WHO: Neal McDonough
WHAT: The Boston-bred actor has done some memorable turns on television - including stints on “Desperate Housewives,’’ HBO’s acclaimed “Band of Brothers,’’ and the late, lamented police drama “Boomtown.’’ This season he joins the superb FX drama “Justified’’ as the villainous Robert Quarles, a Detroit heavy with a taste for violence and drugs, on the other side of the law from Deputy US Marshal Raylan Givens (Timothy Olyphant). This job reunites McDonough with “Boomtown’’ creator Graham Yost and costar Mykelti Williamson, who plays the show’s other menacing presence this season. We chatted with McDonough at the recent Television Critics Association press tour in Pasadena, Calif. “Justified’’ airs Tuesdays at 10 p.m. on FX.
Q. I’ve only seen the first episode and I’m already scared of your character.
A. [Spoiler alert: McDonough discloses some plot points from later in the season.] Yeah, he’s all the D’s: He’s despicable, dashing, delightful, delirious, and I’m having a blast playing him. I love playing the good guys, but they’re a lot harder to play because you’re dealing with real stuff. Like my character from [the 2007 miniseries] “Tin Man,’’ his wife and kid were killed, so you carry that pain and torture throughout the whole show, and you generally bring it home with you a little bit, too. With a guy like this, who thinks he’s the hero of the piece and that Raylan’s the bad guy, it’s pretty simple, my approach to it. And also I can be as crazy as I want because it’s the land of make-believe. I’ve never killed anyone or done OxyContin or any of these things, but I’m certainly doing a lot of it in this show. Starting in the next show, I get addicted to my own junk, so it’s pretty great.
Q. So Quarles ignores the cardinal rule, “Never get high on your own supply’’?
A. That’s right, exactly [laughs]. It’s downhill from there; I just lose my mind.
Q. You mentioned that you hadn’t really watched the show previously because you have four kids under 6. Have you seen much TV at all?
A. I’ve seen bits and bobs of it. I don’t think I’ve watched one entire episode of a TV series in six years, because with the kids you just don’t have time. I didn’t realize I was this scary in the show until I watched it [last week]. Once in a while I’ll watch one of my characters and be completely lost when I watch it, and then I know I’m doing a good job. And I was watching this Quarles guy and I didn’t understand who he was until I looked at him onscreen: This guy’s nuts!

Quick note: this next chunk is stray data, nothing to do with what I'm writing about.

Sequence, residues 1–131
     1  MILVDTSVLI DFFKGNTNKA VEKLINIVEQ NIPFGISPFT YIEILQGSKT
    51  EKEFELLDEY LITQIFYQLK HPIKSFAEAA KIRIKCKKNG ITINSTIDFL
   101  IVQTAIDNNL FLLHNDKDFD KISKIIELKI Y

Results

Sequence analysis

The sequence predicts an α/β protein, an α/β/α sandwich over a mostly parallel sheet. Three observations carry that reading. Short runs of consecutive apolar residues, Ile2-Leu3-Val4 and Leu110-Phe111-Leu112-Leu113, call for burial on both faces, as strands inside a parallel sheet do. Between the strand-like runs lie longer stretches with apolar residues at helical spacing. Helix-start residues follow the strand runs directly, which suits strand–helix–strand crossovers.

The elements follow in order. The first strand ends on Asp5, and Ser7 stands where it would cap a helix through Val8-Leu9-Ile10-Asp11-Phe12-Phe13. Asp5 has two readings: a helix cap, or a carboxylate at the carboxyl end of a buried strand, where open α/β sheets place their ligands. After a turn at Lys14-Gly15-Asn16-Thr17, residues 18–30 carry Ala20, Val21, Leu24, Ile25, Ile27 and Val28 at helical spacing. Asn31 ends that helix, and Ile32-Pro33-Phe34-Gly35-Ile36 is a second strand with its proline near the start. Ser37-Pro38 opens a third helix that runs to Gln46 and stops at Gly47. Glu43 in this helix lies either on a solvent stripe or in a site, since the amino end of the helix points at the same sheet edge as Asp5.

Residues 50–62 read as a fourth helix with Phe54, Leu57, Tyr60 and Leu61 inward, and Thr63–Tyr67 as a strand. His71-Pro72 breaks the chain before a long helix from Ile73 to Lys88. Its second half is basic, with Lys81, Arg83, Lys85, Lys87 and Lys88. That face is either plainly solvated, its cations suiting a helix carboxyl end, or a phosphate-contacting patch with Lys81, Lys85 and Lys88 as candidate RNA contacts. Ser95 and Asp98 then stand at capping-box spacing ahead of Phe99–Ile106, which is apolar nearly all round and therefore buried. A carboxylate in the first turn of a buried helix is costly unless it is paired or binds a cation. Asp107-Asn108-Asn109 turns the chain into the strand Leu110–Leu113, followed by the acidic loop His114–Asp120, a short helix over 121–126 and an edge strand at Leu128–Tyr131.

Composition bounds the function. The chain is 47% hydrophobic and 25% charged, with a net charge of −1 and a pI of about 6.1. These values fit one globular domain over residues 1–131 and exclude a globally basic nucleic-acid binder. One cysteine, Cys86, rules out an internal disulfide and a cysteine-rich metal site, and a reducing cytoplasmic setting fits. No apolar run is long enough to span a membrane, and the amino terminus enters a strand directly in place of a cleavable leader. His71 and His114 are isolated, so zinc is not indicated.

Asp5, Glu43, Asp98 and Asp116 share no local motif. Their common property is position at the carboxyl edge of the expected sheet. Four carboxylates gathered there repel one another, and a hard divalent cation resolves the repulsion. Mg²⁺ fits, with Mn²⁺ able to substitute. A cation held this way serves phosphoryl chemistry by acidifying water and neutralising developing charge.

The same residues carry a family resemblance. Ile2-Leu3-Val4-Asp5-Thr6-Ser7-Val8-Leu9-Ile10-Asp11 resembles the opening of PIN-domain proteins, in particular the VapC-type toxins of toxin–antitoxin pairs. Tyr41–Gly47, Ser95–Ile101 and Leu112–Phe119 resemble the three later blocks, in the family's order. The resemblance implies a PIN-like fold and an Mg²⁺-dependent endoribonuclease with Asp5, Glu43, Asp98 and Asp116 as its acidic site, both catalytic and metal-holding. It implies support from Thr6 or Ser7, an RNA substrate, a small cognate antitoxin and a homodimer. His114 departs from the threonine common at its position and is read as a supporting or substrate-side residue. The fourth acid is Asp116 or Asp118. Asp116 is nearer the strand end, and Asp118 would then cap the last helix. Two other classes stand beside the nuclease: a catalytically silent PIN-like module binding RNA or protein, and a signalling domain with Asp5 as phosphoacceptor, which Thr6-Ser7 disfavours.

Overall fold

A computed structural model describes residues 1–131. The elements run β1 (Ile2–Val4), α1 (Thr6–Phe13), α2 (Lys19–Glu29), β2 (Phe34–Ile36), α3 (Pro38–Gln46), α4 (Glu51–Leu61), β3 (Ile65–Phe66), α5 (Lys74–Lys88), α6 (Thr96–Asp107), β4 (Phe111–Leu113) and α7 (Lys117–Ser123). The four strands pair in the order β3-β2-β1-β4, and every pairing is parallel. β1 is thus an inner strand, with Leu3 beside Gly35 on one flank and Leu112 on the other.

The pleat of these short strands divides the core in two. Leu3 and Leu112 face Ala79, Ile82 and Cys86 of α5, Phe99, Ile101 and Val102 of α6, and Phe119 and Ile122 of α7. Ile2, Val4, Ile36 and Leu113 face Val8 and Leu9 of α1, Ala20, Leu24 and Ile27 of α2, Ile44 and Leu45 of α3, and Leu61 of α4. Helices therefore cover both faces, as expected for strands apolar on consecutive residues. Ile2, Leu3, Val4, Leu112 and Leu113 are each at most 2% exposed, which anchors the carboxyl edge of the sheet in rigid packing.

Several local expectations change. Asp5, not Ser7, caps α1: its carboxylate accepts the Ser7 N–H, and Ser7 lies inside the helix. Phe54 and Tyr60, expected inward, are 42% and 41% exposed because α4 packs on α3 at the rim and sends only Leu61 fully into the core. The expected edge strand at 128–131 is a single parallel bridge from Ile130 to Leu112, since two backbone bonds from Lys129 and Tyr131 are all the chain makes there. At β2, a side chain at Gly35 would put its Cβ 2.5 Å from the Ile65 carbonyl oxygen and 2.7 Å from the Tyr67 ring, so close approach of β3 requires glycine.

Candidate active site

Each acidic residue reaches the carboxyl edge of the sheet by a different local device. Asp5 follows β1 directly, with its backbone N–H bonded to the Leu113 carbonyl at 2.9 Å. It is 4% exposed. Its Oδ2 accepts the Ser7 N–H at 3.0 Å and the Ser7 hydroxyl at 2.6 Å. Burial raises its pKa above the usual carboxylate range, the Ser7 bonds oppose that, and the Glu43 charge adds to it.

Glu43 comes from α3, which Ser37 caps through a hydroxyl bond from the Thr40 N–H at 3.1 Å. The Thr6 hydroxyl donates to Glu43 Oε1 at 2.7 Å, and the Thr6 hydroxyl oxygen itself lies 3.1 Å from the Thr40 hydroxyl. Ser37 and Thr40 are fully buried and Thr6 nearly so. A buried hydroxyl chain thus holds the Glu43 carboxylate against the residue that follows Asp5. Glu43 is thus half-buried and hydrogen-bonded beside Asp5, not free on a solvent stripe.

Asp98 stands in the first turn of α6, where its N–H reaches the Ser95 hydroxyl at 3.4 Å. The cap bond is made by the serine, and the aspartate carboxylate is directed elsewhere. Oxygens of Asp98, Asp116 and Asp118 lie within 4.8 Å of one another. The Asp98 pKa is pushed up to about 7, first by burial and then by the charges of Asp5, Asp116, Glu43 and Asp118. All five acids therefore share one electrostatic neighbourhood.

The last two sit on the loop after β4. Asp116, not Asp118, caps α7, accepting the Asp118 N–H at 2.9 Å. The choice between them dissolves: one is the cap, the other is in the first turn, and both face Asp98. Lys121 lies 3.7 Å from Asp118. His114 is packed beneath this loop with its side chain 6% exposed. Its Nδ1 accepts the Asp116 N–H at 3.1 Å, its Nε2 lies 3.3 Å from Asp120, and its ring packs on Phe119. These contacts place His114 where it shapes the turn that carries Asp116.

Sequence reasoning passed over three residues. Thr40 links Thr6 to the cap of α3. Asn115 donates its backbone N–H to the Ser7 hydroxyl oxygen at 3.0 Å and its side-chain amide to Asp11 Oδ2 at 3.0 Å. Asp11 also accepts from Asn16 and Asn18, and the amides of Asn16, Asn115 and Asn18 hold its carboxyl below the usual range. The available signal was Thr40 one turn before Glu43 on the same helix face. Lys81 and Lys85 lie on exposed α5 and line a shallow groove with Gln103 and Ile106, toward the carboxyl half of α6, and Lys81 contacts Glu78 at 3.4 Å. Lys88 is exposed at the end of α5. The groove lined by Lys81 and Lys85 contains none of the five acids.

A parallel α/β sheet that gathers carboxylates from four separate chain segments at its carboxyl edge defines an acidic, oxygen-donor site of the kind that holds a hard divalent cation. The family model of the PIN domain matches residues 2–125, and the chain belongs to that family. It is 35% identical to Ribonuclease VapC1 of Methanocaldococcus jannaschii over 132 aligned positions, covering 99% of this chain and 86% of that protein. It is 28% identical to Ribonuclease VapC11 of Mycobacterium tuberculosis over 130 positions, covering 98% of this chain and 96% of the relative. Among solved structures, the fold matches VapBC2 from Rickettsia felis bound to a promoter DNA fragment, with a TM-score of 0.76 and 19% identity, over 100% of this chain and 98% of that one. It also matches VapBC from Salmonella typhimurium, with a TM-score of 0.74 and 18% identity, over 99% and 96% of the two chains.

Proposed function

Q. Do you worry at all that because you are the big bad this year, it will not end well for you?
A. Oh, I hope it ends horribly for me! I hope I end up in Mykelti’s slaughterhouse, naked, hopped up on a bottle of Oxy. That would be the greatest thing. I love this character, but I’m not sure I could play him for a very long time. I would love to do a show back in Boston for FX. I’ll see if I can sell that one to them [laughs].
Q. “Justified’’ executive producer Graham Yost noted that when he was conceiving these characters, you and Mykelti Williamson simply came to mind.
A. That was great; it’s a heckuva compliment. Graham has been very nice to us, inviting us back into his family, and hopefully he’ll invite us back into whatever shows he has in the future.
Q. “Desperate Housewives’’ is going off the air this season. Now, your character might not have been the most beloved, but creator Marc Cherry said that some familiar faces would be returning. Might Dave Williams be among them?
A. I think he is the most beloved in the history of “Desperate Housewives.’’ If I had a nickel for every time some old lady comes up to me on the street and says, “You son of a bitch!’’ with a smile on her face . . . I never say no to much, but I think I buried that character. But it was so much fun.
Q. The last actor to play a villain on “Justified,’’ the great Margo Martindale, won an Emmy.
A. I wouldn’t be upset about that. Like I said, I have mouths to feed.
Interview was edited and condensed. Sarah Rodman can be reached at firstname.lastname@example.org.